One of the main attractions in the town of Heimbach, located on the river Rur in the district of Düren in the German state of North Rhine-Westphalia, is a hydroelectric power station built in 1905 in the Art Nouveau style. This site is significant enough to be mentioned on the Wikipedia page for Heimbach; and, because it was such a draw, pianist Lars Vogt decided that it would be an ideal venue for a chamber music festival. Founded in 1998, the festival was dubbed Spannungen by Vogt, a noun rich with multiple meanings. Vogt’s preferred translation is “tensions;” but it can also mean “voltages” in the technical literature, as well as “suspense” with connotations of both “stress” and “excitement.”
A little over a week ago, Avi-Service, based in Cologne, released a new recording of two string quartets performed at the 2015 Spannungen Festival, produced in conjunction with Deutschlandfunk (Germany’s national radio company). The CD thus presents two live recordings deprived of the visual setting. This would probably be disappointing for those who want to know more about the power station but less distracting for those primarily interested in the music.
The first of those recordings, made on June 11, offers the lesser-known of the two offerings, Giuseppe Verdi’s only string quartet, written in the key of E minor and composed in 1873. The performers are violinists Christian Tetzlaff and Florian Donderer, violist Hartmut Rohde, and cellist Maximillian Hornung. On the second recording Donderer switches over to viola, playing with violinists Yura Lee and Katharine Gowers and cellist Frans Helmerson. This group performs a more familiar quartet by Antonín Dvořák, his Opus 51 (“Slavonic”) quartet in E-flat major. Their performance was recorded on June 14.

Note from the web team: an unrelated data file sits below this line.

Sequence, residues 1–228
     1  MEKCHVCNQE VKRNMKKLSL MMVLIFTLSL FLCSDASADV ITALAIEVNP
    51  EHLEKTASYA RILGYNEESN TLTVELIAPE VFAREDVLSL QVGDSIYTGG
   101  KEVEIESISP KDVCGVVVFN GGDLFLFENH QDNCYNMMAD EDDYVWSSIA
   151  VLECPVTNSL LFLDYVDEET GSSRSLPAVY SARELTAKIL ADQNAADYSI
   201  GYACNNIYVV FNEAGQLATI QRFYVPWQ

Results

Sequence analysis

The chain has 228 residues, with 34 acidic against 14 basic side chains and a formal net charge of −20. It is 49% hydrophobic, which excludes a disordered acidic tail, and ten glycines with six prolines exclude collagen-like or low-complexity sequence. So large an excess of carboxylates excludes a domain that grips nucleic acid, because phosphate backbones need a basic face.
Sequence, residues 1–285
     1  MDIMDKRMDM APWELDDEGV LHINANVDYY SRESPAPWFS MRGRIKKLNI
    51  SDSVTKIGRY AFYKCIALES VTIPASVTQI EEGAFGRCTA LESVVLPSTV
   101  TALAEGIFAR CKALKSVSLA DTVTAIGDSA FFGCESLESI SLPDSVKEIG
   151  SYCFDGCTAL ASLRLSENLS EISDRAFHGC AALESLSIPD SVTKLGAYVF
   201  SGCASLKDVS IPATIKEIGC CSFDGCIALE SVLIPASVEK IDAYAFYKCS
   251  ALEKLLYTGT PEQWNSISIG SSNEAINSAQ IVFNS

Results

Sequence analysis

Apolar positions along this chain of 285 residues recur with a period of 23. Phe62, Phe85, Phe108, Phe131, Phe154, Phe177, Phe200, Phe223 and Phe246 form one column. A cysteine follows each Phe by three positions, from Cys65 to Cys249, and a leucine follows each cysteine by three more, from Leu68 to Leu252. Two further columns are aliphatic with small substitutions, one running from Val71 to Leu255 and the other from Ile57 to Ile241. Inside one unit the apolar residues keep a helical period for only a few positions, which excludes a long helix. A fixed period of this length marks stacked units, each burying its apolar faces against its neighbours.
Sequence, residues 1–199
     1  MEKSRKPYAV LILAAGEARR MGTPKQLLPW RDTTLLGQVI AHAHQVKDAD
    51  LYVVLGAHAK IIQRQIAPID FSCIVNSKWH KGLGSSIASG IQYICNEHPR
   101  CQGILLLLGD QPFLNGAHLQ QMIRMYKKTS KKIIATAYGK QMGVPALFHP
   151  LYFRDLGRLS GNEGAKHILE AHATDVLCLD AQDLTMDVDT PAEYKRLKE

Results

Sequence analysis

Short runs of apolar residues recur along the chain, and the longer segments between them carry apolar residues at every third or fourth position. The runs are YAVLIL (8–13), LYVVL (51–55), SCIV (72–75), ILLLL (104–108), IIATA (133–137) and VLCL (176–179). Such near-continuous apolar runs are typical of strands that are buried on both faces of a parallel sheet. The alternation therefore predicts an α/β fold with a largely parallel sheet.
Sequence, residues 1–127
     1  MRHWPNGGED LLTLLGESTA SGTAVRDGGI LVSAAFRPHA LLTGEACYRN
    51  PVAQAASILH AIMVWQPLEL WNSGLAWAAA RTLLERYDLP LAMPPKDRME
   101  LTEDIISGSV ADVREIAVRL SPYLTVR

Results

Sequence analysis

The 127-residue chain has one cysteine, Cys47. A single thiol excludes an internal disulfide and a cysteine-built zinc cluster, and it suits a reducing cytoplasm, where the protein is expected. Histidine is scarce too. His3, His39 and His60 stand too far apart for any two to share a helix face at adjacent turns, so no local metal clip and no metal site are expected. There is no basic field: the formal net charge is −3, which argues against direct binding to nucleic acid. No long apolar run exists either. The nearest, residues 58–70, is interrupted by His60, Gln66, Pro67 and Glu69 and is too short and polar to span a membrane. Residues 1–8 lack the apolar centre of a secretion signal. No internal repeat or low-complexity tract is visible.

It is unclear how seriously Verdi took his string quartet, but it definitely does not deserve to be dismissed offhand. It is said that Verdi kept copies of Ludwig van Beethoven’s string quartets on the table at his bedside. Apparently, he found them optimum bedtime reading, which should not surprise anyone who starts digging around in his opera scores. There is a crowd scene in Simon Boccanegra that appears to have been strongly influenced by the frantic Presto (second) movement from Beethoven’s Opus 130 in B-flat major; and one of these days a conductor will encounter just the right acoustic space in which (s)he can have the opening measures of Aida played by a string quartet. Perhaps there is even some connection between the fugue that concludes this string quartet and the one that concludes Falstaff. In other words there is more than enough to engage the serious listener in Verdi’s quartet, and the performers on this recording provide the necessary clarity for such a listener to savor fully every note. The Dvořák quartet, on the other hand, is much closer to the comfort zone of most quartet players; and, at least for those of us in the United States, it is a welcome change from the Opus 96 (“American”) quartet in F major. For all of that later quartet’s virtues, too many ensembles allow it to upstage Dvořák’s other quartets; and Opus 51 definitely deserves just as much attention.